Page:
June Jamborees

Wednesday June 28th. Singing Ringing Tree. 15 miles. Leader: Barbara Sheldon.

 

The Magnificent Seven set off undeterred from Towneley Park for a 15 mile paddle, errrr, pootle around the countryside. We were able to see our objective on the skyline from the car park, a tiny speck on the horizon which we wouldn’t see up close till mid-afternoon.

I have been known to say that it rarely rains all day in this country, but today was true to the forecast, which is presumably why so many opted to stay in bed/do the housework/watch paint dry. Well you missed out and we all feel very virtuous now!

A lot of the route was on the Burnley Way, firstly heading north then east to reach Lea Green reservoir where a welcome coffee break was had. Then we headed south to Worsthorne and Hurstwood Reservoir, with Curlews’ and Oystercatchers’ haunting calls along the way.

Shedden Clough Limestone Hushings provided a bench and some tree shelter for lunch before we pressed on. A stretch on the Pennine Bridleway took us down to Holme Chapel where one of the Seven took the bus to Burnley for some important shopping – what an excuse! So then somebody suggested we should be called the Sexy Six, maybe on account of Bernard’s shorts, but I’m not convinced we fitted the bill!

After a long and at times sharp ascent we finally achieved our objective, the Singing Ringing Tree at Crown Point, by mid-afternoon. One of four Panopticons in Lancashire, it has commanding views over Burnley, and the Three Peaks (well normally but not today). It chose not to sing to us today – it is known to be fickle – but was nevertheless a visual treat.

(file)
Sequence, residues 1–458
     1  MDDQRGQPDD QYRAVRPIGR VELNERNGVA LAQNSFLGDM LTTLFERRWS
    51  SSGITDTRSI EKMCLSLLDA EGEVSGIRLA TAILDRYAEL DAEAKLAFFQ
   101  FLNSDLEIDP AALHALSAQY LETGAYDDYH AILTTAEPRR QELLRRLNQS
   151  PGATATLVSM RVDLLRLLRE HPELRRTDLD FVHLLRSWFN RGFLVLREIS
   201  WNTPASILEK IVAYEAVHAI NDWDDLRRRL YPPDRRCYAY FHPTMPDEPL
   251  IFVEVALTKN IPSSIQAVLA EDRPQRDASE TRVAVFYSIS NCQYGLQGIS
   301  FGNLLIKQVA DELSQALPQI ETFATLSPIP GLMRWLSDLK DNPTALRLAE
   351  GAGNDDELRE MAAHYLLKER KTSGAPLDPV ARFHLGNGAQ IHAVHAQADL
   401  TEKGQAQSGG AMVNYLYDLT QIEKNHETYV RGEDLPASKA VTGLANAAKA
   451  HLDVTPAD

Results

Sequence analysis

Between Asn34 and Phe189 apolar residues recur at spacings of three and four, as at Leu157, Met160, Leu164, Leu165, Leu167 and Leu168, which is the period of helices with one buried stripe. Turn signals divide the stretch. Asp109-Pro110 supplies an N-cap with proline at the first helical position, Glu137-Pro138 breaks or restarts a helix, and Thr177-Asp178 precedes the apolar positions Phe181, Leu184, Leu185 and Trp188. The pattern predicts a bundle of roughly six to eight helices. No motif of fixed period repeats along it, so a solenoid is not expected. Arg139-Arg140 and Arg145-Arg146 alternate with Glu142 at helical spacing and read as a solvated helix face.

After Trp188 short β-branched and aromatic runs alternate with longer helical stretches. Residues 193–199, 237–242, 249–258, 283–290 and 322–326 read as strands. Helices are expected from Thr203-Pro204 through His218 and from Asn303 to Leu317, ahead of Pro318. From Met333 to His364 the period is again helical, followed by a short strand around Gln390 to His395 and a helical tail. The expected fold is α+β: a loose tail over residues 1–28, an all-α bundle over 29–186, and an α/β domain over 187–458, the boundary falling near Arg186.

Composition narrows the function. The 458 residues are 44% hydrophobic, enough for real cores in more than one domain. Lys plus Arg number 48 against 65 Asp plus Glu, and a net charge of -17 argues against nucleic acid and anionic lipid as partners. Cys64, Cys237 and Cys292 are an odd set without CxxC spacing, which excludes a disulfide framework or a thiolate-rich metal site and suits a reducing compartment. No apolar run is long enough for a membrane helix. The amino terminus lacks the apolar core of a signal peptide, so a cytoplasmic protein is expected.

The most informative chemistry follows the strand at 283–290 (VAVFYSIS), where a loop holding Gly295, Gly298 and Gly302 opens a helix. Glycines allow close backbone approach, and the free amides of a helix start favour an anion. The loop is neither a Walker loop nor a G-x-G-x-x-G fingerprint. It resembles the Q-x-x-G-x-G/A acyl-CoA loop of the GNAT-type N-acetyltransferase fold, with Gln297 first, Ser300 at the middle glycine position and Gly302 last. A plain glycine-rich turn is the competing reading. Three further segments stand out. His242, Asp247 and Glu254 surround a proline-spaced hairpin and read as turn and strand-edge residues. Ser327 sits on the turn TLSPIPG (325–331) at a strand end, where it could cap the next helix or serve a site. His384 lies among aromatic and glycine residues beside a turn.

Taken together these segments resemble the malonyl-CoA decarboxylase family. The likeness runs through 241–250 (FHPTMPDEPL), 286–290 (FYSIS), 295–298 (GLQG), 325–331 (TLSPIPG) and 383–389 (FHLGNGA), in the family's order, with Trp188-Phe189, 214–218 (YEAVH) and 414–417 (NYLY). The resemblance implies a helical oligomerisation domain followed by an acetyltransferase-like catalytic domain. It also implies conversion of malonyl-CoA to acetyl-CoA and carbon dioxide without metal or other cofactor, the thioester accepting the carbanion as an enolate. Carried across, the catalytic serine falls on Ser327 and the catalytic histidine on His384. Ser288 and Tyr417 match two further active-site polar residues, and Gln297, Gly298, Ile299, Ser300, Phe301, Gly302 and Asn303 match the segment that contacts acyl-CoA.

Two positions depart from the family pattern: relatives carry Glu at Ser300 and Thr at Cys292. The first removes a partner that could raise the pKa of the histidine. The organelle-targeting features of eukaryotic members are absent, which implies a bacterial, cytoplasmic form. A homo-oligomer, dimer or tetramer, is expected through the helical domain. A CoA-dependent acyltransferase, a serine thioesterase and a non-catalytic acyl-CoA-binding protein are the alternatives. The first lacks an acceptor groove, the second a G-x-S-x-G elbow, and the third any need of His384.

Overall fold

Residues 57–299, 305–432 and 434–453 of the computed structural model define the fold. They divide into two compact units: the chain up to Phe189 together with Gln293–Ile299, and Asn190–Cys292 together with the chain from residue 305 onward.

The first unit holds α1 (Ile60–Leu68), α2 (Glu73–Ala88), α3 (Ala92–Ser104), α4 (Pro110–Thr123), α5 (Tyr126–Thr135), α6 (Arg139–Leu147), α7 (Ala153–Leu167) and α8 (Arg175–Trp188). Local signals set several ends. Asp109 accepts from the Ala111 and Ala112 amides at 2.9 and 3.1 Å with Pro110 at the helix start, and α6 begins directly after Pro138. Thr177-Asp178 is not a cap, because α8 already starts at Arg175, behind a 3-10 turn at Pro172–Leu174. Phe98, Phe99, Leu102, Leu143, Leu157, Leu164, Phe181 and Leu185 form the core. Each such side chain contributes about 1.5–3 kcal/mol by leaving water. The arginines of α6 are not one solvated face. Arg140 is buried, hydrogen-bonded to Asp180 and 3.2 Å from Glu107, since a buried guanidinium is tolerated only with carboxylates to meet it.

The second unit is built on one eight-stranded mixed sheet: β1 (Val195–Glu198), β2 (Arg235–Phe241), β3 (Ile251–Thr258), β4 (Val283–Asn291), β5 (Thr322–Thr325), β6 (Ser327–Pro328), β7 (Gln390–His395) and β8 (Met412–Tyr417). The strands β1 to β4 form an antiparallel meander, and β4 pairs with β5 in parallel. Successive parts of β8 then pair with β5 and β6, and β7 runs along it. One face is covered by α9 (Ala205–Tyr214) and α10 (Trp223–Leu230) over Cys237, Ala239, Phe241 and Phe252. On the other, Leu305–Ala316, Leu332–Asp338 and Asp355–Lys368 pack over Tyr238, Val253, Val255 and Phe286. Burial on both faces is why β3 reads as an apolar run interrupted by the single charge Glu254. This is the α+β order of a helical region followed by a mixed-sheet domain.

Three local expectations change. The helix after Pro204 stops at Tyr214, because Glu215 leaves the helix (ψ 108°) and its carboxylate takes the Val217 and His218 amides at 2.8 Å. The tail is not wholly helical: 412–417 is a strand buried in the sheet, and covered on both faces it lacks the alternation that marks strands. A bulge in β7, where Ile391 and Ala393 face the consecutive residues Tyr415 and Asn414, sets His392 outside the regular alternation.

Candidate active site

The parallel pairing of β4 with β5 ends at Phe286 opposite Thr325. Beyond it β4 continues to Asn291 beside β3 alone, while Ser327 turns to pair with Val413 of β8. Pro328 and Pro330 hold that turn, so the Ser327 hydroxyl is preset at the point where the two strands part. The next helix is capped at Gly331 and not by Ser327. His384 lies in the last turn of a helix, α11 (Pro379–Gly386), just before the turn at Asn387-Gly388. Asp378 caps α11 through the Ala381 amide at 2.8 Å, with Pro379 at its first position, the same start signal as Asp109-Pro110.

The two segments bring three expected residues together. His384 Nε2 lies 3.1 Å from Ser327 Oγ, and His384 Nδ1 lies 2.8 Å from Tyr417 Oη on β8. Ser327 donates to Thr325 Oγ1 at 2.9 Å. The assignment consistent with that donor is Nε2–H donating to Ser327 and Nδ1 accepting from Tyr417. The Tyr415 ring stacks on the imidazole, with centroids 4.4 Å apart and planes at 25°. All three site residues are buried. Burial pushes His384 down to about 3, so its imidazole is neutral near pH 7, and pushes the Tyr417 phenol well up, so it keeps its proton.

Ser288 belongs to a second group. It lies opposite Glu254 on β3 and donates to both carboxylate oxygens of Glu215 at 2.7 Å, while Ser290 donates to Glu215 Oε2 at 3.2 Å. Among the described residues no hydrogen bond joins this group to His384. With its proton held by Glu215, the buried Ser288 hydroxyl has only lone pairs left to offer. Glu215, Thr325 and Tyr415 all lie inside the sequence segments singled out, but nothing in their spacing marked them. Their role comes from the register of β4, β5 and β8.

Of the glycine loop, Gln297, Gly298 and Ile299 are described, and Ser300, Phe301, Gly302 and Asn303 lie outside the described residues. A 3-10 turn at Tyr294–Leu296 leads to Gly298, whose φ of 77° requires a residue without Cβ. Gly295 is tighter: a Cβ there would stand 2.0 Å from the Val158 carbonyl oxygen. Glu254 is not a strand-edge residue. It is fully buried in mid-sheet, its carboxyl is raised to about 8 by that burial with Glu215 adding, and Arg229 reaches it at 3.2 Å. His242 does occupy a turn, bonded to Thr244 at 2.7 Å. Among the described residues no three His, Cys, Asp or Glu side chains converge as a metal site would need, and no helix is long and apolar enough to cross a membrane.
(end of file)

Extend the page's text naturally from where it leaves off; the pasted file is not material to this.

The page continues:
The route back to Towneley took us down Copy Clough on tricky paths, around a golf course and past the old coke ovens (now overgrown), finishing with a mileage of exactly 15 miles (after a quick turn round the toilet block). The café was bypassed in favour of getting home as quickly as possible for hot baths, hot toddies and probably hot water bottles! It was fun though, honest.

Barbara Shelton

 

 

Saturday June 24th. Who Pays The Ferryman? Wyre Way Part 1. 16 miles. Leaders: Hilary Scott, Caroline Tennant & Nick Halford.

 

Thirteen walkers and four doggy friends met to tackle this, the first part of the Wyre Way. Today's walk was a complete circuit of the mouth of the Wyre. Leaving Wyre Country Park we soon arrived at the old port of Skippool which was once the most important one on the Wyre before the arrival of Fleetwood docks. Nowadays Skippool is home to an upmarket yacht club but there are many old jetties and rusting boats and barges which serve as a reminder of its past. 

Just before reaching the main road we turned left and made our way over fields and then marshland to Shard Bridge. This is the first bridge inland and was once a Toll bridge. Here we crossed the Wyre for the first time today and continued on the marshland near the water for a couple of miles. The tide came in quickly as we walked and there was much debris from previous storms and high tides.